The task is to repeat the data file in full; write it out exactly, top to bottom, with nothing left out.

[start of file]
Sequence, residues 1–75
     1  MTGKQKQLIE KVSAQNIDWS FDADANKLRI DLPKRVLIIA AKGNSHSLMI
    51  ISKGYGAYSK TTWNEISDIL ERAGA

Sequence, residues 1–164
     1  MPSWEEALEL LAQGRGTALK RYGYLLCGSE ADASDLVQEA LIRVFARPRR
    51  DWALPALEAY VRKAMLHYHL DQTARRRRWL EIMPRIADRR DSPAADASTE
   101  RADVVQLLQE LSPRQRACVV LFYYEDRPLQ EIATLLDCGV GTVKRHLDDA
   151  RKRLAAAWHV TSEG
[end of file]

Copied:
Sequence, residues 1–75
     1  MTGKQKQLIE KVSAQNIDWS FDADANKLRI DLPKRVLIIA AKGNSHSLMI
    51  ISKGYGAYSK TTWNEISDIL ERAGA

Sequence, residues 1–164
     1  MPSWEEALEL LAQGRGTALK RYGYLLCGSE ADASDLVQEA LIRVFARPRR
    51  DWALPALEAY VRKAMLHYHL DQTARRRRWL EIMPRIADRR DSPAADASTE
   101  RADVVQLLQE LSPRQRACVV LFYYEDRPLQ EIATLLDCGV GTVKRHLDDA
   151  RKRLAAAWHV TSEG